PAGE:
Of particular note, some property owners in rural areas are concerned that wetland migration or “encroachment” could impact existing and future land uses and development. For example, owners of working lands, like farmers and forest managers, could have their revenue-generating acreage decrease when productive lands are naturally converted into wetlands.See footnote 17 In addition, private property owners facing wetland migration could unknowingly (due to a lack of education and awareness about this phenomenon) become subject to federal and state regulations that protect wetlands and limit development (e.g., Corps Clean Water Act Section 404 permits, state coastal zone management regulations). This can raise questions about how to balance environmental protection and community needs (especially for frontline, underrepresented communities). As sea levels continue to rise, communities and policymakers will have to evaluate how to protect and preserve wetlands and address private property and community concerns. In order to minimize potential conflicts and maximize benefits, governments should engage community members throughout all stages of these decisionmaking processes from planning development to post-implementation monitoring and evaluation. This should include those who own properties, frequently use, or operate businesses in or adjacent to wetlands or areas identified as potential wetland migration corridors.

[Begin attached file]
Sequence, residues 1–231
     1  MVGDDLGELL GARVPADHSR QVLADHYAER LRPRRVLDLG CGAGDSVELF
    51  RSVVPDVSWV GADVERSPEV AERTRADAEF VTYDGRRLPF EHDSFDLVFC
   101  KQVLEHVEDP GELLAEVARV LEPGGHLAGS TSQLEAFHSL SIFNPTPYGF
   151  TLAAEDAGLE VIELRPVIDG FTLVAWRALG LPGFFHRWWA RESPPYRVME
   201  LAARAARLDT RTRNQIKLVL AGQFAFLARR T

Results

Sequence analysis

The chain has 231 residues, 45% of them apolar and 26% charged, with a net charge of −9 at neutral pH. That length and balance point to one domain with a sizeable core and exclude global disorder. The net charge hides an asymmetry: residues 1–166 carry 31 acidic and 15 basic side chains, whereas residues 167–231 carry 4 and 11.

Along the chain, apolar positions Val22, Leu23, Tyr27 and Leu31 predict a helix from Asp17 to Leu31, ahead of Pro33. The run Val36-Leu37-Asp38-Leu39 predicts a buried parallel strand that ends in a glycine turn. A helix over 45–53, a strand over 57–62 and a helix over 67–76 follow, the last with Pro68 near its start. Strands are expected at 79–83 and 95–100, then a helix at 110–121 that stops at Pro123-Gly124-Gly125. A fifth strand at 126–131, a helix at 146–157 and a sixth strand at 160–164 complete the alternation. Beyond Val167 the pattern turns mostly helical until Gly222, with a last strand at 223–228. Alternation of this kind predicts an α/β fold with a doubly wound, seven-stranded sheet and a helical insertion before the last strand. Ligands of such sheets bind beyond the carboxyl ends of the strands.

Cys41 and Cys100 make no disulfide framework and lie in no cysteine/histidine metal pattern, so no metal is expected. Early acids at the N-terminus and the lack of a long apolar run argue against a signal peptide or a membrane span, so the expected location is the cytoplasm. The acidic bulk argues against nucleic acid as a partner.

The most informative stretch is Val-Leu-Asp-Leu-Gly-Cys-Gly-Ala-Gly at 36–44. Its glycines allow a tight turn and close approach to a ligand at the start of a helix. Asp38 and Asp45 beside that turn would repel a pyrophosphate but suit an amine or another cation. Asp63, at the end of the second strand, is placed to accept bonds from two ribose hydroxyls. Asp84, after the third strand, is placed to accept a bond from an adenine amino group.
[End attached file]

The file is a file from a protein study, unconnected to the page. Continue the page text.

• Evaluate diverse funding opportunities: Voluntary land acquisitions will necessitate funding, in addition to restoration and conservation activities associated with land management. Governments should seek different types of federal, state, and local funding that can be used for these purposes, and leverage public-private partnerships with conservation nonprofits and land trusts. Governments can also evaluate the potential for generating revenue for holding land in a conservation status, such as a wetland or carbon offset bank (e.g., Los Cerritos Wetlands, Long Beach, California, Greens Bayou Mitigation Bank, Harris County, Texas). This could be supplemented by in-kind exchanges of land (i.e., through a land swap) and other types of in-kind support, like volunteer time for citizen science or restoration activities or the donation of space to hold community meetings. For more information on available funding and financing options, see the Crosscutting Policy Considerations>Funding section of this toolkit.